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Does GM use plastic intakes on there new cars? :huh:
 

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i think so, at least with the LS-series engines. :confused:
 

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Originally posted by karhopper@Mar 21 2004, 05:51 AM
Does GM use plastic intakes on there new cars? :huh:
all Gen III motors have a plastic resin intake, yes.
The Gen IV also have plastic intakes.
 

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Originally posted by Rabbit@Mar 21 2004, 04:51 AM
I've seen a fouled one of these. I hope they got the bugs worked out on the newer ones.
I don't see how one could have fouled. There is not coolant running through them, so it's not like anything inside of them is under pressure. The only thing I could see is someone making smacking a wrech or something off of one of the runners or something and then cracking it.

Ford's modular motors also use the composite intake, but they do have coolant running through them. Some of their earlier designs had problems cracking (such as my buddy with a 96 GT). I'm not sure when they switched, but the newer style has a cast section that's under pressure so it's not going to leak.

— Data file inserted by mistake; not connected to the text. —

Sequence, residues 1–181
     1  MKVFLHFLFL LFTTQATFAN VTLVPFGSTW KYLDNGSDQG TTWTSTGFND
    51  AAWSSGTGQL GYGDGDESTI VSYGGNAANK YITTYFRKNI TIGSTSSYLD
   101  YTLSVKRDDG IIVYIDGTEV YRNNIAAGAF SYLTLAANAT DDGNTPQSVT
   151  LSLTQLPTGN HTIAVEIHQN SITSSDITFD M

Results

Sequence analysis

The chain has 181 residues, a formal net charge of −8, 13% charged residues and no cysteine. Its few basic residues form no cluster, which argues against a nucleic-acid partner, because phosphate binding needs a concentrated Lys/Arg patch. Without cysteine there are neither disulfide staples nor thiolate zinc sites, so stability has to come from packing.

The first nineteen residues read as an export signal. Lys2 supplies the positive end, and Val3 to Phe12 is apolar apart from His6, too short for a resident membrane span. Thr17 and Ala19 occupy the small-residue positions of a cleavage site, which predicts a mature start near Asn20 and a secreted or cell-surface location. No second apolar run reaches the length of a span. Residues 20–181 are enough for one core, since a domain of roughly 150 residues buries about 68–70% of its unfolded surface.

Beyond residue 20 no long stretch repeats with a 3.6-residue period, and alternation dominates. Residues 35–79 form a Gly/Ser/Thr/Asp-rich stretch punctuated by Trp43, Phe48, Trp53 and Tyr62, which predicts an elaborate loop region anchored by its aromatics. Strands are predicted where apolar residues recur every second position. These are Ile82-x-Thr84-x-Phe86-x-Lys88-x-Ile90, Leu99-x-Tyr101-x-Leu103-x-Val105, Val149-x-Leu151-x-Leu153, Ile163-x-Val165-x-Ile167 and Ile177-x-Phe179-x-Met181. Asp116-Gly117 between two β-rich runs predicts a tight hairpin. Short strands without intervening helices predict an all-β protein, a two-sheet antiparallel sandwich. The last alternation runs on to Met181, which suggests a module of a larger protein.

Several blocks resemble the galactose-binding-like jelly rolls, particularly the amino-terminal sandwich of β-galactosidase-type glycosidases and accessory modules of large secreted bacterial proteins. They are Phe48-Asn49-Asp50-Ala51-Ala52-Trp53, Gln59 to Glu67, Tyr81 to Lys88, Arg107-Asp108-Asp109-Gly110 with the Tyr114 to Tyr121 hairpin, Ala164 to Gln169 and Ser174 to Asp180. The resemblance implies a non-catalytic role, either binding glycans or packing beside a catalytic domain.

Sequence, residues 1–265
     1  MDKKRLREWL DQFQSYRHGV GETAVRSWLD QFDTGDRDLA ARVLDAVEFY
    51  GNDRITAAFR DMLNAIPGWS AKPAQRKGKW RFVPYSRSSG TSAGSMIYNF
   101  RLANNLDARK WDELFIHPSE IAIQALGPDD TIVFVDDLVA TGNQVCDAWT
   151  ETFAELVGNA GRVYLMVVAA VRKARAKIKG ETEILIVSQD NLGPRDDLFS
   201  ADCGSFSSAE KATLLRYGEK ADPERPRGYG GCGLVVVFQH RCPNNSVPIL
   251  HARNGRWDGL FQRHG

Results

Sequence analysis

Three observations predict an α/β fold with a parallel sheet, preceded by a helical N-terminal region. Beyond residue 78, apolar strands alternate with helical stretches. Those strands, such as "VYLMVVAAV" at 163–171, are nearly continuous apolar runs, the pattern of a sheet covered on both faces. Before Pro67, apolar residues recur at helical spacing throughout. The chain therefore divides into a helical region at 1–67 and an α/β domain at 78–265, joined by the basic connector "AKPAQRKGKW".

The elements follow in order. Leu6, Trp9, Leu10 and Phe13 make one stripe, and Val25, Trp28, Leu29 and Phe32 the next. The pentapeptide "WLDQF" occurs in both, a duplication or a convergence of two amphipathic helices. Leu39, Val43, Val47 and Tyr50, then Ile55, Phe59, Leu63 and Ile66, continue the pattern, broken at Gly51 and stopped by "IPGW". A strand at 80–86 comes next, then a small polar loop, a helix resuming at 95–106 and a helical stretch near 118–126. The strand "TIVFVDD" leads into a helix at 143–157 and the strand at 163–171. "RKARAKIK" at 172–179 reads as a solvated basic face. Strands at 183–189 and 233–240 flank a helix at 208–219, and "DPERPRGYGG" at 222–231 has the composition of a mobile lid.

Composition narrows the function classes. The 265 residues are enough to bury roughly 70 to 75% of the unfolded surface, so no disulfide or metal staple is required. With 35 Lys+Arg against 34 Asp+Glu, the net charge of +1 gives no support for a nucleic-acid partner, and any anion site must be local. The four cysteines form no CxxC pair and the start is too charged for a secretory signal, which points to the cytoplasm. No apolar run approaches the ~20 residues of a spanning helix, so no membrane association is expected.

If you are worrying about the life of the "plastic" intake, don't.
 

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Originally posted by Rabbit@Mar 21 2004, 09:51 AM
I've seen a fouled one of these. I hope they got the bugs worked out on the newer ones.
fouled? I have heard of some problems with the gen III motors, but nothing to do with the Intake.

Only down part is that it cant be ported like an aluminum or other metal intakes. Dont get too worked up about it, nothing all that important.
 

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I don't know what happened, but my mechanic showed it to me and one of the paths was melted to the point of clogging.
 

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Originally posted by Rabbit@Mar 22 2004, 10:07 AM
I don't know what happened, but my mechanic showed it to me and one of the paths was melted to the point of clogging.
Melted eh? Man, they have more problems then a plastic intake to worry about.
 

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3.8L Series II have had some problems with catching fire when starting, The engine will back fire and the intake melts causing a under hood fire. I have seen this at the dealership that I worked at, a 1997 Olds 88
 

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GM has used plastic intakes for 10 years. Ford and Chysler use in on almost all their models. A lot of Foreign cars use them too. A few have had limited problems, but most if not all were production problems not design.

Engines that use plastic intakes:

GM
96+Vortec V8s
94+ GM 3800 (not series III or supercharged engines)
Northstar
3500 DOHC

Chryslers:
00?+ 3.3, 3.8
2.4
2.7,3.2,3.5
Hemi

Ford: